The key, then, to improving the accessibility, affordability, and quality of public higher education is to make it free and spend public funds on faculty, instruction, and research.

Robert Samuels is a lecturer in the Writing Program at the University of California, Santa Barbara, and is President of the University Council of the American Federation of Teachers His most recent book is Why Public Higher Education Should be Free. His working paper, “Making All Public Higher Education Free,” is available from the Campaign for the Future of Higher Education (CFHE),

For information about the AAUP Committee on Contingency and the Profession, see

5 thoughts on “Free Public Higher Education, Quality Instruction, and Job Security for All Faculty Members

  1. The simplicity of this plan should make it appealing to all those who wish to maintain democracy in America. Politicians who want to save money also should take note. If you can rethink unquestioned faith in free market ideology, how could you possibly argue against this plan?

  2. I champion free higher education as well, though not the institutions (universities and colleges) that currently provide it. Instead, I believe that it is possible to increase access to low-cost, high-quality education provided by academics whose material and working conditions are significantly improved by eliminating the current practice of institutional provision of the service.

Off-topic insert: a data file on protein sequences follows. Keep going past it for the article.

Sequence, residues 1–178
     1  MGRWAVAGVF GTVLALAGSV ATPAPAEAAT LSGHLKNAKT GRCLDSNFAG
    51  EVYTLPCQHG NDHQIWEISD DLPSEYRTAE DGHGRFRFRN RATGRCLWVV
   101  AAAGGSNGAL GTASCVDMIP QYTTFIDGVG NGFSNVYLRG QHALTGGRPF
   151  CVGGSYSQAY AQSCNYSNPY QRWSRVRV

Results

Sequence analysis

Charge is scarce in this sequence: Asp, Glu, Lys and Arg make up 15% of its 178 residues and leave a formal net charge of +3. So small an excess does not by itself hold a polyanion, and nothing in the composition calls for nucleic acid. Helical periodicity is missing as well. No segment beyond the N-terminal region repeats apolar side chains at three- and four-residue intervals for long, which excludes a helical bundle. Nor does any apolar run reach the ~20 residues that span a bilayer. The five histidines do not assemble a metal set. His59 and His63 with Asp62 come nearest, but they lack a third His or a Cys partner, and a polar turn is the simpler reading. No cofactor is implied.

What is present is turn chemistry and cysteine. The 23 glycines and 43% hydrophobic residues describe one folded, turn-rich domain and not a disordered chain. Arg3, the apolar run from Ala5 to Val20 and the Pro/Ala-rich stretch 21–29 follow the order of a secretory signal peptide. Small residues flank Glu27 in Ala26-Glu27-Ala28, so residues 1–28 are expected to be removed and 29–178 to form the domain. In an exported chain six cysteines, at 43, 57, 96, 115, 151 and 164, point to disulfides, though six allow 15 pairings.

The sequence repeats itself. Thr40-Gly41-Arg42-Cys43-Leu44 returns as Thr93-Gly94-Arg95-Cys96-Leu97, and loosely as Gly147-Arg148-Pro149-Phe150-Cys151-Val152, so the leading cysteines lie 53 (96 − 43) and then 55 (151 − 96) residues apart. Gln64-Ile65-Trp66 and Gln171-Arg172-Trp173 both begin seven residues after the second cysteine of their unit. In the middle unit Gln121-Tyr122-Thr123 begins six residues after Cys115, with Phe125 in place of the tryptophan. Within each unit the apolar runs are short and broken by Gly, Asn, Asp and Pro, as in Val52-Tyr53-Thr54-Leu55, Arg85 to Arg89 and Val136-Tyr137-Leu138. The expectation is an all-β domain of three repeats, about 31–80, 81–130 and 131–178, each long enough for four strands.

I believe the professional model (social contract) used by society to provide services of equal value in law, medicine, engineering and others areas can be tooled to provide higher education.

    I invite you to look at the proposal:

    This is a model that can be used not only in affluent regions of the world but developing regions that cannot afford the current institutional model, thereby expanding the right to higher education on a global scale.

  3. Dear Prof. Samuels and readers:
    I am with you absolutely on making college free. It was my mother’s dream. I would like to do something however small to help bring this about. But my efforts to do any networking or plug into any group advocacy have not yet borne fruit. If you or anyone have an idea of how I can help, please let me know

  4. I mostly agree with Professor Samuels, but I think there needs to be some low fee, so that students will have “skin in the game.” I have worked in the past in an industry that had free training for members. On the day of the training many would not show up leaving vacant seats. If we look at the MOOCs, their completion rate for even one course is dismal. Many of us have signed up for free webinars, and then found other things to do at the scheduled time. The individual needs to invest something to feel invested.